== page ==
What are some colorful descriptions you've encountered? What twists on common ones have made you either laugh or scratch your head?

(p.s. Sorry I'm late with this week's posting. I spent all of yesterday evening in Windows Update Hell, trying to get both of my computers to successfully download and install the last round of updates from Microsoft. Still have not succeeded. I'm about ready to scream...)

Wednesday, August 11, 2010

contests, contests, contests...

Last week, the finalists for the Emerald City Opener were announced. I was not one of them. I was disappointed but in 4 years of entering, I've only finaled once (my first year when I won my category). Now, I won't see the comments or scores on my entry till sometime in October, but I'm already anticipating what I've seen as standard with contest entries - One judge will probably love your work and leave a comment like "Can't wait to see this published!" and at least one judge will probably hate your work and tell you that you need to take up knitting or basket weaving.

I try to ignore the extremes and just look for commonalities among the comments. Did all your judges tell you that you need to work on passive voice? Did more than one judge tell you to vary your word choice or sentence length?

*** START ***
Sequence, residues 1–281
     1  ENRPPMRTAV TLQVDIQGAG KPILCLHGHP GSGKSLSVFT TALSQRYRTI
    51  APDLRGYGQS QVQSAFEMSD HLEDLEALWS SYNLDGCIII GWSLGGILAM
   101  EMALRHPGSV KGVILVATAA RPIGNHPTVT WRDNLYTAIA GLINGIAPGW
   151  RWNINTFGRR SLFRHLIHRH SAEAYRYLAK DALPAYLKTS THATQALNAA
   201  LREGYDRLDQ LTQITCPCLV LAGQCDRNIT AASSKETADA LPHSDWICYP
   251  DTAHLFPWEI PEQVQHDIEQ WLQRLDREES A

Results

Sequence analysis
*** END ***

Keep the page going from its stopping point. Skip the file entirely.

Angie James, who heads up Harlequin's digital only imprint Carina Press, had a great post today about when contest judges disagree.

When Contest Judges Disagree

Friday, August 6, 2010

Prompt Time

What the what? Let's pretend my last post wasn't more than a week ago, mmmkay? I also won't regale you with tales of how much I did not write. That was then, this is now. And now here is my response to the prompt: The locked door fascinated and puzzled her.


She was in a closet. That much she knew. The bottom of a musty coat brushed against her face and when she shifted, she heard metal hangers rattle over her head. Why she was in a closet and how she got there, Greta had no idea. The last thing she remembered was dropping her keys outside after she left the gym and bending over to pick them up. Touching her face, Greta felt a lump on her right temple and her mouth was filled with the coppery taste of pennies. Blood. A cut on the inside of her lower lip stung when she ran her tongue over it and her nose ached; she must have done a spectacular face plant in the parking lot.